Persons skilled in the art will understand that the architecture described in
When data is written to or read from the external memory 470 by a client entity within a parallel processing subsystem 112 (e.g., one of the GPCs 208), that data is temporarily stored in the L2 cache 350, as previously described herein. The control logic 430 is configured to follow the method steps described in
The method begins in step 502, where the L2 control logic 430 determines whether a word of data received by the L2 cache 350 in the WRITE operation is “fully covered.” As used herein, the term “fully covered” refers to a situation when the word of data received actually includes all of the bytes of data associated with the word. In such instances, all bytes of data associated with the word are indicated to be enabled and the WRITE operation is referred to as a “fully covered WRITE.” Similarly, a word of data received in the L2 cache 350 is “not fully covered” when only some of the bytes of data associated with the word are indicated to be enabled, and others are not indicated to be enabled. In such instances, the WRITE operation is referred to as a “partially covered WRITE.”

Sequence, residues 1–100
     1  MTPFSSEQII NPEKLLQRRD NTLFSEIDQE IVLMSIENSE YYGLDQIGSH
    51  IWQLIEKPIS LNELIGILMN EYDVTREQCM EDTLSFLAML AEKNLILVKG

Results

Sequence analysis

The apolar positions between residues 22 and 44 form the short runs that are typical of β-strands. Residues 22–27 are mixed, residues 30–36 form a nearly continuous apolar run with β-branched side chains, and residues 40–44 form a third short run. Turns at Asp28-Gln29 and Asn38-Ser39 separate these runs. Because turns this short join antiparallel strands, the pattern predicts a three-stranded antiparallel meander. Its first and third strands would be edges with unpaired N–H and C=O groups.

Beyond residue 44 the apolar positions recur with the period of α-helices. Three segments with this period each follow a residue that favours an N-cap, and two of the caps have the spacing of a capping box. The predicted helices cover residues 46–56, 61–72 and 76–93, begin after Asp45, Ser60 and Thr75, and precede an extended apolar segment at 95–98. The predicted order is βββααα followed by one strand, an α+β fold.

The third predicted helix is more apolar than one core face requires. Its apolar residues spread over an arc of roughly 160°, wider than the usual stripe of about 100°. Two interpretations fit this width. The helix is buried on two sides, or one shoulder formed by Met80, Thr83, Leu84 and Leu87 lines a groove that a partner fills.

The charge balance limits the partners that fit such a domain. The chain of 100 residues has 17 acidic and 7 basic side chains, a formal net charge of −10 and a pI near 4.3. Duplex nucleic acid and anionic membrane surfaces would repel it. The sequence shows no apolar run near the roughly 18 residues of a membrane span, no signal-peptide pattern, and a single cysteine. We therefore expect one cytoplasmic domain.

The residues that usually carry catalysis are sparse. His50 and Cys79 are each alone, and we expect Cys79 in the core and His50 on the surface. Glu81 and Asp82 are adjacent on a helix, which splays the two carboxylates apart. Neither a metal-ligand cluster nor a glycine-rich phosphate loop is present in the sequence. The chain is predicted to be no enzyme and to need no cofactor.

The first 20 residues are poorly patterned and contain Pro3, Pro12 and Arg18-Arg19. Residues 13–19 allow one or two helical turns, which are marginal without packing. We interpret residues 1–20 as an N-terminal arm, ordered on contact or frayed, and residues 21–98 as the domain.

If, in step 502, the L2 control logic 430 determines that the word received in the WRITE operation is fully covered, then the method proceeds to step 516, where the L2 control logic 430 generates ECC check bits for the word. In step 518, the L2 control logic 430 stores the ECC check bits in the byte enable storage 450 and stores the byte of data associated with the word in the data storage 440. Since ECC check bits are generated for a word only when all of the bytes of data associated with the word are present in the L2 cache 350, the presence of the ECC check bits indicates that all bytes of data associated with the word are enabled, advantageously alleviating the need to store a separate byte enable for each individual byte of data.
The method ends in step 520, where the L2 control logic 430 sets an indicator bit to indicate that the byte enable storage 450 includes the ECC check bits rather than the individual byte enables for the word of data. The L2 control logic 430 may store the indicator bit in the indicator storage 460.